Articles on all things data...

10 questions to ask before you build a database

 October 6

by Andrew Richards

How to build a database

…or at least how to start the process.

Microsoft Access does amazing things.

We can use it to store, analyse, report on, and manage data. We can get it to automate our business processes, to download CSV data from an FTP site and upload it again as a PDF. To allow users to input data and to email them to let them know when they need to do so.

But where does all this begin? How do you start that process? In a nutshell…

How do you build a Microsoft Access database?

If you’ve never used Microsoft Access before, there’s good news – the first phase doesn’t actually need you to use Access. Or indeed any other software – pencil and paper will work just fine. You see…

Planning is everything

The more work you can do in planning the database, in being clear what you want the database to do, and not do, the less likely you are to need to spend time re-designing and re-working the database when you’re half way through.

So, kick off by getting a good, clear understanding of the scope of the database. Talk to all the people who are going to be using it. Talk to those who will put the data in, and to those who will want to get it out, report on it, analyse it and so on. Find out what they need the database to do.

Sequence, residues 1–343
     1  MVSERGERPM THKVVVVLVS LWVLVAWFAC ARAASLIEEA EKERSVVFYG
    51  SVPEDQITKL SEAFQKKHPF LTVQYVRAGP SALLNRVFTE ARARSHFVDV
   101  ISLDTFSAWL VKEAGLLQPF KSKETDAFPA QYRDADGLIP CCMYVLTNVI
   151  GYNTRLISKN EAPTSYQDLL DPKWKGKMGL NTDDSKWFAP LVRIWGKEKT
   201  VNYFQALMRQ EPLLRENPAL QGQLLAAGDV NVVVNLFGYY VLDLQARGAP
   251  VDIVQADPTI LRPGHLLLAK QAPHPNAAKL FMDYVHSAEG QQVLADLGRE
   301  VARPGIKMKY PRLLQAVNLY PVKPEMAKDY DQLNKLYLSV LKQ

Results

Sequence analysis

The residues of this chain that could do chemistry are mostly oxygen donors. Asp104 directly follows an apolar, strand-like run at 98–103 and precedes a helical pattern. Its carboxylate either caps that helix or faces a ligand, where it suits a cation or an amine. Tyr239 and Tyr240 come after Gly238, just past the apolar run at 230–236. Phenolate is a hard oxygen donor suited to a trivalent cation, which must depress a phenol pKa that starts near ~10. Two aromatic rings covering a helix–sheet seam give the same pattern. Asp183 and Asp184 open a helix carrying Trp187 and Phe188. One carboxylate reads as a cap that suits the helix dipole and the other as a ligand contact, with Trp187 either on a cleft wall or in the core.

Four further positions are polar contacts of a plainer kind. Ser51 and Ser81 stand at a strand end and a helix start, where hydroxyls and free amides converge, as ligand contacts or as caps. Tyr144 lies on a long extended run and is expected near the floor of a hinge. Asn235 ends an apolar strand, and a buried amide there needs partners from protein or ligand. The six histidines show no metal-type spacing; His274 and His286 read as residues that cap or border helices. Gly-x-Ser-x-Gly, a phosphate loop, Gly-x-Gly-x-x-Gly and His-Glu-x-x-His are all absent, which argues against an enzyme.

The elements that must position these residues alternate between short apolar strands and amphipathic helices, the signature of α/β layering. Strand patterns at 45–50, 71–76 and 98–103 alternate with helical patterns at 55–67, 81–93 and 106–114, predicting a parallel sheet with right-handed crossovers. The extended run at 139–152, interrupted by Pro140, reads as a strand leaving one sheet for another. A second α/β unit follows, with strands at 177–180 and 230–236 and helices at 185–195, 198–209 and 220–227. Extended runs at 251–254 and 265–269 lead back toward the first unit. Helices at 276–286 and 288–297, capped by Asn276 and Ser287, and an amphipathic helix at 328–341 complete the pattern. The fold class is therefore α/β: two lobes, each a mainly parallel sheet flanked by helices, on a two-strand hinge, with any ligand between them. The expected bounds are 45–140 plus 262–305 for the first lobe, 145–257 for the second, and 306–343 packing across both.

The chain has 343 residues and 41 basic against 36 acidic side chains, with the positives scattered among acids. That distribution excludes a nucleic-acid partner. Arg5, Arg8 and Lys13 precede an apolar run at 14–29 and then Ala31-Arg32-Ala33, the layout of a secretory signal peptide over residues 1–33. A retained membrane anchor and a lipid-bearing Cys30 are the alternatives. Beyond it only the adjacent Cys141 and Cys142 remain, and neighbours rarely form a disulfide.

10 questions to ask before starting to build an Access datbase

  • What business process will the database support?
  • How do they currently manage that process?
  • How are those processes likely to change as the business grows or changes over the next 5 years?
  • What existing systems - paper-based or computer-based - will the database be replacing?
  • How many people need to use this new system?
  • Of those people, how many are likely to want to use it concurrently?
  • How much data will the database store? For example, are you wanting to store sales transactions that could run to tens of thousands per day? Or manage a manufacturing process, involving a few hundred items a week?
  • To what extent is security important? Is it simply enough that the data is stored reliably? Or must different people have access to different parts of the data?
  • Will this new database system have to connect to other systems? To your accounts package? To Outlook to send automated emails or schedule appointments? To an FTP server to import data?
  • Forgetting time, and budget, if your new database system could do anything for you and your business, what would you have it do?

So, in short, get a really good picture of what's needed. And think big! That's why the last question in the list is important - it's surprising how often people say "I don't suppose it's even remotely possible, but what would be really great is..." and they come up with something that's actually pretty simple! Of course, the converse is the number of times people will say "We just need a minor tweak so that..." and it turns out to be a major headache! But either way, it's a significantly easier thing to make design changes at this stage, on paper, than it is to make the changes when the database is built.

share this

Related Posts

Sign up now to be the first to hear about new articles!